Scott Hanselman

Using Flurl to easily build URLs and make testable HttpClient calls in .NET

June 23, '18 Comments [12] Posted in ASP.NET | DotNetCore | Open Source
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FlurlI posted about using Refit along with ASP.NET Core 2.1's HttpClientFactory earlier this week. Several times when exploring this space (both on Twitter, googling around, and in my own blog comments) I come upon Flurl as in, "Fluent URL."

Not only is that a killer name for an open source project, Flurl is very active, very complete, and very interesting. By the way, take a look at the https://flurl.io/ site for a great example of a good home page for a well-run open source library. Clear, crisp, unambiguous, with links on how to Get It, Learn It, and Contribute. Not to mention extensive docs. Kudos!

Flurl is a modern, fluent, asynchronous, testable, portable, buzzword-laden URL builder and HTTP client library for .NET.

You had me at buzzword-laden! Flurl embraces the .NET Standard and works on .NET Framework, .NET Core, Xamarin, and UWP - so, everywhere.

To use just the Url Builder by installing Flurl. For the kitchen sink (recommended) you'll install Flurl.Http. In fact, Todd Menier was kind enough to share what a Flurl implementation of my SimpleCastClient would look like! Just to refresh you, my podcast site uses the SimpleCast podcast hosting API as its back-end.

My super basic typed implementation that "has a" HttpClient looks like this. To be clear this sample is WITHOUT FLURL.

public class SimpleCastClient
{
private HttpClient _client;
private ILogger<SimpleCastClient> _logger;
private readonly string _apiKey;

public SimpleCastClient(HttpClient client, ILogger<SimpleCastClient> logger, IConfiguration config)
{
_client = client;
_client.BaseAddress = new Uri($"https://api.simplecast.com"); //Could also be set in Startup.cs
_logger = logger;
_apiKey = config["SimpleCastAPIKey"];
}

public async Task<List<Show>> GetShows()
{
try
{
var episodesUrl = new Uri($"/v1/podcasts/shownum/episodes.json?api_key={_apiKey}", UriKind.Relative);
_logger.LogWarning($"HttpClient: Loading {episodesUrl}");
var res = await _client.GetAsync(episodesUrl);
res.EnsureSuccessStatusCode();
return await res.Content.ReadAsAsync<List<Show>>();
}
catch (HttpRequestException ex)
{
_logger.LogError($"An error occurred connecting to SimpleCast API {ex.ToString()}");
throw;
}
}
}

Let's explore Tim's expression of the same client using the Flurl library!

Not we set up a client in Startup.cs, use the same configuration, and also put in some nice aspect-oriented events for logging the befores and afters. This is VERY nice and you'll note it pulls my cluttered logging code right out of the client!

// Do this in Startup. All calls to SimpleCast will use the same HttpClient instance.
FlurlHttp.ConfigureClient(Configuration["SimpleCastServiceUri"], cli => cli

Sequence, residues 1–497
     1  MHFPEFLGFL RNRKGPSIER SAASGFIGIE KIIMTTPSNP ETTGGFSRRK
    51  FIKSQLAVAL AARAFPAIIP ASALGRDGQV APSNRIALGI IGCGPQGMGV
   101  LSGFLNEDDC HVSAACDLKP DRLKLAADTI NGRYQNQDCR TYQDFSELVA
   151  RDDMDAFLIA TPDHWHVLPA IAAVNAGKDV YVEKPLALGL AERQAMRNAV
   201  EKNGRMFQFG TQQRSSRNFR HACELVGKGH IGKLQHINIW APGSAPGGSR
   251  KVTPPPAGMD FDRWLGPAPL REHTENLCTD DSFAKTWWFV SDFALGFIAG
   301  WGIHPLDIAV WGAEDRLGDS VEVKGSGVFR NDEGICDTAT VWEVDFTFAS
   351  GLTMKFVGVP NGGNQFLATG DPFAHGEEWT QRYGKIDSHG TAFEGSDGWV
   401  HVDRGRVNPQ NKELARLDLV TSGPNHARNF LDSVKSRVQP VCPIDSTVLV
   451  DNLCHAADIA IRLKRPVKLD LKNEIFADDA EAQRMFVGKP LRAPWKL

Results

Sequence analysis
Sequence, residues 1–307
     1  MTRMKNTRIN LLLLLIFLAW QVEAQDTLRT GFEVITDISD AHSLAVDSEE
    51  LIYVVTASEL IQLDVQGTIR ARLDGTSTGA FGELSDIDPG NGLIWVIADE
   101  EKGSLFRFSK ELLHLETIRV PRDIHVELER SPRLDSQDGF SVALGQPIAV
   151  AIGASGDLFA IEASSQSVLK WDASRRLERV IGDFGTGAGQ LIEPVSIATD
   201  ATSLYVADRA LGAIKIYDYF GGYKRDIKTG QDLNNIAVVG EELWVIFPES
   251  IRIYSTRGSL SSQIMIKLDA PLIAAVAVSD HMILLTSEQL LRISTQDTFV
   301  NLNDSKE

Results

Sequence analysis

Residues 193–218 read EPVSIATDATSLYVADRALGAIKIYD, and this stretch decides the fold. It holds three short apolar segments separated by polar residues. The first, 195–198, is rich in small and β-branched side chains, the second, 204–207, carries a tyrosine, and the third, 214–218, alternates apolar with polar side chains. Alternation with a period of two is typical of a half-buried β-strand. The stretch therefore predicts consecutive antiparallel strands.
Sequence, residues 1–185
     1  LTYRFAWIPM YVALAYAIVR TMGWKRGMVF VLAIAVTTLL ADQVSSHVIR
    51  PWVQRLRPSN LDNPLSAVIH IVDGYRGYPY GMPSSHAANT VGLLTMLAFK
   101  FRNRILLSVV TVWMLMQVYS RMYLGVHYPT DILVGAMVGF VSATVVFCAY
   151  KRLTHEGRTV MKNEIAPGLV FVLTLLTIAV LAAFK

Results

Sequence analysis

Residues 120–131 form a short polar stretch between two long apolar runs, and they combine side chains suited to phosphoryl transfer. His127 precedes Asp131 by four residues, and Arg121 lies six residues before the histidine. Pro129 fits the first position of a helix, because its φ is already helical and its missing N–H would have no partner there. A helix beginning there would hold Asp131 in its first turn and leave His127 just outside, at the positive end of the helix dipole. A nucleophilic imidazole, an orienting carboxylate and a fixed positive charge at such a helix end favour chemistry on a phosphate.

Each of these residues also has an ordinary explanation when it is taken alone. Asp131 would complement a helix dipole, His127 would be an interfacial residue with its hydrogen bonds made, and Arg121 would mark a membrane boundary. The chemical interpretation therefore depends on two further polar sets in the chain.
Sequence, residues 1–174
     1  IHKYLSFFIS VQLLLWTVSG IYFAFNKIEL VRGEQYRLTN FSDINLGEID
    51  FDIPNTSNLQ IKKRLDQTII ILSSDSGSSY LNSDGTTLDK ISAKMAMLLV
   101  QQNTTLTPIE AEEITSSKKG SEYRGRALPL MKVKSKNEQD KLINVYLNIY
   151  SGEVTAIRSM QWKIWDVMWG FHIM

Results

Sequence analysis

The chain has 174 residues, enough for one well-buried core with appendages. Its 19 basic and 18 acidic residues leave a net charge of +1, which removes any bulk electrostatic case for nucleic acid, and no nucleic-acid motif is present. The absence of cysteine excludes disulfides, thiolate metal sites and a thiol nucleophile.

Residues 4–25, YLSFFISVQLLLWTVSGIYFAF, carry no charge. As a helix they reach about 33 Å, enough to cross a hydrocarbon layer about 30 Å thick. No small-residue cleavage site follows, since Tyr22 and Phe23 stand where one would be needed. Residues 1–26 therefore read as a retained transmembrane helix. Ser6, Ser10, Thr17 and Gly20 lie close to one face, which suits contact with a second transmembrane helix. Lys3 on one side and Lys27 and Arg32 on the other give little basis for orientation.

.Configure(settings =>
{
// keeps logging & error handling out of SimpleCastClient
settings.BeforeCall = call => logger.LogWarning($"Calling {call.Request.RequestUri}");
settings.OnError = call => logger.LogError($"Call to SimpleCast failed: {call.Exception}");
})
// adds default headers to send with every call
.WithHeaders(new
{
Accept = "application/json",
User_Agent = "MyCustomUserAgent" // Flurl will convert that underscore to a hyphen
}));

Again, this set up code lives in Startup.cs and is a one-time thing. The Headers, User Agent all are dealt with once there and in a one-line chained "fluent" manner.

Here's the new SimpleCastClient with Flurl.

using Flurl;
using Flurl.Http;

public class SimpleCastClient
{
// look ma, no client!
private readonly string _baseUrl;
private readonly string _apiKey;

public SimpleCastClient(IConfiguration config)
{
_baseUrl = config["SimpleCastServiceUri"];
_apiKey = config["SimpleCastAPIKey"];
}

public Task<List<Show>> GetShows()
{
return _baseUrl
.AppendPathSegment("v1/podcasts/shownum/episodes.json")
.SetQueryParam("api_key", _apiKey)
.GetJsonAsync<List<Show>>();
}
}

See in GetShows() how we're also using the Url Builder fluent extensions in the Flurl library. See that _baseUrl is actually a string? We all know that we're supposed to use System.Uri but it's such a hassle. Flurl adds extension methods to strings so that you can seamlessly transition from the strings (that we all use) representations of Urls/Uris and build up a Query String, and in this case, a GET that returns JSON.

Very clean!

Flurl also prides itself on making HttpClient testing easier as well. Here's a more sophisticated example of a library from their site:

// Flurl will use 1 HttpClient instance per host
var person = await "https://api.com"
.AppendPathSegment("person")
.SetQueryParams(new { a = 1, b = 2 })
.WithOAuthBearerToken("my_oauth_token")
.PostJsonAsync(new
{
first_name = "Claire",
last_name = "Underwood"
})
.ReceiveJson<Person>();

This example is doing a post with an anonymous object that will automatically turn into JSON when it hits the wire. It also receives JSON as the response. Even the query params are created with a C# POCO (Plain Old CLR Object) and turned into name=value strings automatically.

Here's a test Flurl-style!

// fake & record all http calls in the test subject
using (var httpTest = new HttpTest()) {
// arrange
httpTest.RespondWith(200, "OK");
// act
await sut.CreatePersonAsync();
// assert
httpTest.ShouldHaveCalled("https://api.com/*")
.WithVerb(HttpMethod.Post)
.WithContentType("application/json");
}